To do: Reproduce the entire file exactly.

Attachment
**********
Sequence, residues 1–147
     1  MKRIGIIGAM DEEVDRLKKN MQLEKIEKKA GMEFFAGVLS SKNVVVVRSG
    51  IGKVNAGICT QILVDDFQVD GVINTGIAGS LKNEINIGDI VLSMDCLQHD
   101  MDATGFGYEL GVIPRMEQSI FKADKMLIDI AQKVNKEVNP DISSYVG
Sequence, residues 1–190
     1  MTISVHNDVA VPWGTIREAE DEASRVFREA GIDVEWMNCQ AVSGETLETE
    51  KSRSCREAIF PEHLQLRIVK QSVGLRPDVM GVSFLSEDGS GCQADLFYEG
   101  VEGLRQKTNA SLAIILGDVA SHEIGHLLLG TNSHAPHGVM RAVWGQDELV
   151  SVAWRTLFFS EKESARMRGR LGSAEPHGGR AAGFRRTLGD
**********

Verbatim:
Sequence, residues 1–147
     1  MKRIGIIGAM DEEVDRLKKN MQLEKIEKKA GMEFFAGVLS SKNVVVVRSG
    51  IGKVNAGICT QILVDDFQVD GVINTGIAGS LKNEINIGDI VLSMDCLQHD
   101  MDATGFGYEL GVIPRMEQSI FKADKMLIDI AQKVNKEVNP DISSYVG
Sequence, residues 1–190
     1  MTISVHNDVA VPWGTIREAE DEASRVFREA GIDVEWMNCQ AVSGETLETE
    51  KSRSCREAIF PEHLQLRIVK QSVGLRPDVM GVSFLSEDGS GCQADLFYEG
   101  VEGLRQKTNA SLAIILGDVA SHEIGHLLLG TNSHAPHGVM RAVWGQDELV
   151  SVAWRTLFFS EKESARMRGR LGSAEPHGGR AAGFRRTLGD